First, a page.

One of the UK’s leading organisations for ageing, Centre for Ageing Better, https://ageing-better.org.uk, has identified inflexible lifestyles, fear of pain during exercise and lack of motivation as key pointers to avoid exercise https://ageing-better.org.uk/sites/default/files/2021-09/Keep-on-moving-physical-inactivity.pdf, Sept 2021
Evidence is now available that music and dance can significantly alleviate the behavioural and psychological symptoms of dementia without the side effects associated with drugs and is often ‘prescribed’ by health care professionals.
 Stirling University in partnership with danceSing Care followed 47 residents from 10 Balhousie Care Group homes across Scotland over four times a week for 12 weeks. https://www.stir.ac.uk/news/2022/october-2022-news/research-shows-music-and-movement-hits-right-note-with-care-home-residents/.
The study concluded: Music and movement has positive impact on the health and wellbeing of care home residents. Collective mood of the residents was visibly improved. Residents participated more in each movement session as the weeks went on, with visible improvements in depression and anxiety, less stress and distress, decreased loneliness, improved sleep and appetite. Care home staff benefited from the injection of music and movement into their weekly routine, with team members reporting improved mood, physical health and job satisfaction. The feasibility study is available to view here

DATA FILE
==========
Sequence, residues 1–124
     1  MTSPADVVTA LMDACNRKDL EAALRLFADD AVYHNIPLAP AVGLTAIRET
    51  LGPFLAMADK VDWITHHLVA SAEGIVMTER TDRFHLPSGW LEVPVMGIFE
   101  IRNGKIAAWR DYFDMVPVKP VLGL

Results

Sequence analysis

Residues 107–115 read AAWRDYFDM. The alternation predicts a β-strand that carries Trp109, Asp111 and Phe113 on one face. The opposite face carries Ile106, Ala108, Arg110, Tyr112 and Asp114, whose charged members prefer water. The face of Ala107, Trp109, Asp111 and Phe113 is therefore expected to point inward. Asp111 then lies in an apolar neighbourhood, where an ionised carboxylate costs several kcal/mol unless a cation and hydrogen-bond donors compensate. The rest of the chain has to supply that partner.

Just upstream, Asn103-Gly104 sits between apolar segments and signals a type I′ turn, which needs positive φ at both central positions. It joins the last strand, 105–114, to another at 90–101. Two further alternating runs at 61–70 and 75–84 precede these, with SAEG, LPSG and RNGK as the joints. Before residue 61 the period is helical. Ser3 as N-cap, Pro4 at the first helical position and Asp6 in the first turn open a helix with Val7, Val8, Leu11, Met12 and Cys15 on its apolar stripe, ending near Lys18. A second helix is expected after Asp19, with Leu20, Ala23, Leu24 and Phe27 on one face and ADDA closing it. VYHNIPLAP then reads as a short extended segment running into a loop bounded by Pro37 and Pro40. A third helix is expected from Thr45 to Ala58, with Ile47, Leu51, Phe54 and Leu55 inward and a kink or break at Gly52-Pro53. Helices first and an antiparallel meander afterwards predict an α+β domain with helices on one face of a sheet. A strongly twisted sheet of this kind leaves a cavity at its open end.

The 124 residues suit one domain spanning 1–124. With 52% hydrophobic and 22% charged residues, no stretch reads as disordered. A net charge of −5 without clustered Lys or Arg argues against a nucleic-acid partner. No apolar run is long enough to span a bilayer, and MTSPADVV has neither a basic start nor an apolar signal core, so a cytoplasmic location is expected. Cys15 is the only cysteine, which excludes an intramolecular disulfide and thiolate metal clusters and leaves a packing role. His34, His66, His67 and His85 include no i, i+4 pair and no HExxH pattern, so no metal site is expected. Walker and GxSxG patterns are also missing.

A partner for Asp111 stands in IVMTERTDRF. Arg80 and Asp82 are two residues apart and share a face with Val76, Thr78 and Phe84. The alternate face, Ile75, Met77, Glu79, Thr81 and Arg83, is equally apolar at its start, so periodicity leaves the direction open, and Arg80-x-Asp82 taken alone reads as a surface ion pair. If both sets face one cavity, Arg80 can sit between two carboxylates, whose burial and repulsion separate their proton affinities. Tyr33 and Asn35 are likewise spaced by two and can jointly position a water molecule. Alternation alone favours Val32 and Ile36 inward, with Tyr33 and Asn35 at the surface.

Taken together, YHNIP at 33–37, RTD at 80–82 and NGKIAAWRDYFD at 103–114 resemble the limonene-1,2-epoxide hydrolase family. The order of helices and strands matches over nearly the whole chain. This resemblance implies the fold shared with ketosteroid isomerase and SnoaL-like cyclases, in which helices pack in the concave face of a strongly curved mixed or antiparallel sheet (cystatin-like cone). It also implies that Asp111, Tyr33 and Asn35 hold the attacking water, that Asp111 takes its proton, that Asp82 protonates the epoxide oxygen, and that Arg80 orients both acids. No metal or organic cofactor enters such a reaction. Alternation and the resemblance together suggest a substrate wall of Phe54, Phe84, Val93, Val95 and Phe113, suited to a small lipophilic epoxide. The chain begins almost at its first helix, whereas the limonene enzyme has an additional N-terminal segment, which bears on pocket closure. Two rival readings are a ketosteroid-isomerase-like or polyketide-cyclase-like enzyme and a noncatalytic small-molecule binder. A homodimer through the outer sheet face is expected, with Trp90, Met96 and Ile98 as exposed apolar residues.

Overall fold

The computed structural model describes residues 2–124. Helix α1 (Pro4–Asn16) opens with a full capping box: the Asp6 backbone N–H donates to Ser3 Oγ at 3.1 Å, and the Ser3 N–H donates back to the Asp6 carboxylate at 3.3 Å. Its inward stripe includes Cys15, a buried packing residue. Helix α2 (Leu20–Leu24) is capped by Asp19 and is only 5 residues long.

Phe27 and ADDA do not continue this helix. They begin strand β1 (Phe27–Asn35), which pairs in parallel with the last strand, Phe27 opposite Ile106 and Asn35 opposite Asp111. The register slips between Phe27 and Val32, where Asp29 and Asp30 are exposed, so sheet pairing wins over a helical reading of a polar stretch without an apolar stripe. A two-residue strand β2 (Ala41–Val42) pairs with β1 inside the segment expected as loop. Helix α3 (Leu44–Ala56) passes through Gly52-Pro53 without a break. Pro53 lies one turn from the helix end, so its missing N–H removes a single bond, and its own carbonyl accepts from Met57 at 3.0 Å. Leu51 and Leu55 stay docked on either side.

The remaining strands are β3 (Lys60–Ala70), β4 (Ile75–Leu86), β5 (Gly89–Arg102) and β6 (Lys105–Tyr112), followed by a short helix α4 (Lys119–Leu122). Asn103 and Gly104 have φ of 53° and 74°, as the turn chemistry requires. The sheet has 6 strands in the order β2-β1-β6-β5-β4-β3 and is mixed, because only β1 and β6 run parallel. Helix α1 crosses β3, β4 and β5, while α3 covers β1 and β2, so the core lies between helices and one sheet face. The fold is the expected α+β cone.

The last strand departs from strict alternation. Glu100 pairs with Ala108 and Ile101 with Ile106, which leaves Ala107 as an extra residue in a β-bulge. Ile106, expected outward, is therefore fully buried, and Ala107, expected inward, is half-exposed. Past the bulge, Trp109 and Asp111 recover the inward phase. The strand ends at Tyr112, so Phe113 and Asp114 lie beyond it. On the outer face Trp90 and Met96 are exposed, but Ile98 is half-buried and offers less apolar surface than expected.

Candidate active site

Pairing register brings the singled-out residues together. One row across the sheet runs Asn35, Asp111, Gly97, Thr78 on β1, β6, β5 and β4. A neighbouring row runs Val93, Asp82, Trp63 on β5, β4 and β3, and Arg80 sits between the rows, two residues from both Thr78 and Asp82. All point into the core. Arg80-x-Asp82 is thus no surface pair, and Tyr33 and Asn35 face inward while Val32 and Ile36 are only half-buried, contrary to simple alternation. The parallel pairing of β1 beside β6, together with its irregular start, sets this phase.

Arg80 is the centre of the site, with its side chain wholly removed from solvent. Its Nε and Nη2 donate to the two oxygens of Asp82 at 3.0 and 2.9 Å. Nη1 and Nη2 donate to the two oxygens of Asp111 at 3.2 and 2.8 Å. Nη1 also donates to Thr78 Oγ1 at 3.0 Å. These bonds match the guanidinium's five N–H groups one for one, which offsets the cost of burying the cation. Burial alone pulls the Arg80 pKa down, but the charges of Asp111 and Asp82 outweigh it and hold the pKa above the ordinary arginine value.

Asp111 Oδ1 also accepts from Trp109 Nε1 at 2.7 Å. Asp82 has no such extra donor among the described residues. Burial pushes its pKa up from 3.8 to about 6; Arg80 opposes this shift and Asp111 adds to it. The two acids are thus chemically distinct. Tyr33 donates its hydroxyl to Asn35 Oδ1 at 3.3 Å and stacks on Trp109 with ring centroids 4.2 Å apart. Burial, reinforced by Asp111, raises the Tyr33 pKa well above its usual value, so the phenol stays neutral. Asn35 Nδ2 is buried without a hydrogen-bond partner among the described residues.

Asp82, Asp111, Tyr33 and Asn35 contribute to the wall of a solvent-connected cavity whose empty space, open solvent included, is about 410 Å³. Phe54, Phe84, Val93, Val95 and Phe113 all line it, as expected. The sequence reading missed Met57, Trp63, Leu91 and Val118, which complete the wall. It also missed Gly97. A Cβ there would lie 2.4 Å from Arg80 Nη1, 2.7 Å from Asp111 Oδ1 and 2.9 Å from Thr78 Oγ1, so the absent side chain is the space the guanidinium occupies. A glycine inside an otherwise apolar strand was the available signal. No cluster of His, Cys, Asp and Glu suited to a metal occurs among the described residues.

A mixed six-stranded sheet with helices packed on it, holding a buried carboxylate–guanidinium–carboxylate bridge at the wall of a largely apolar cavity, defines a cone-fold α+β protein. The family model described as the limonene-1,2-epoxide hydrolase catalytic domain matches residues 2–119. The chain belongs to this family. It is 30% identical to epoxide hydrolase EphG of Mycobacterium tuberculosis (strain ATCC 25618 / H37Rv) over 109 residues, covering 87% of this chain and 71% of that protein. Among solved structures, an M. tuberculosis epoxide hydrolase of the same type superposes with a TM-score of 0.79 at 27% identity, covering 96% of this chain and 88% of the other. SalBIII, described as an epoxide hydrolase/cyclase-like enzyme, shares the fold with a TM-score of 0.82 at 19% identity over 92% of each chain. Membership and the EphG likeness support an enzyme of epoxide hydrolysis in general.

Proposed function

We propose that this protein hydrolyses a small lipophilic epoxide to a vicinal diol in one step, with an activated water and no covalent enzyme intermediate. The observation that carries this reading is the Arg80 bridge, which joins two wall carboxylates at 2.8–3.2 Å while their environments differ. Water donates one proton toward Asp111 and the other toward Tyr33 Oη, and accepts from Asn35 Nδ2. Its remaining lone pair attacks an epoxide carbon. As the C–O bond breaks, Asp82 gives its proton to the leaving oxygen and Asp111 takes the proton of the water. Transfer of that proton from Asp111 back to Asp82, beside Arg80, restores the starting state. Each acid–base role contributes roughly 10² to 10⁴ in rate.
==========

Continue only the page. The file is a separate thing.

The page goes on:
Academics looked at participants’ health and wellbeing, spanning anxiety and depression, stress and loneliness, sleep satisfaction, and indications of frailty such as appetite and unintentional weight loss.
‘Music and movement has a positive impact on the health and wellbeing of care home residents – and could lead to similar activities being rolled out on a wider scale’
Bonds have been strengthened even more between staff and residents, with the programme encouraging increased interaction between the two groups. Residents with dementia were also noted as being “calm”, “content” and in a “happy place”, which in turn had a positive impact on staff wellbeing.
The study also identified challenges to delivering the programme, such as staff time and availability of suitable technology, so solutions to these can be incorporated into any future activity.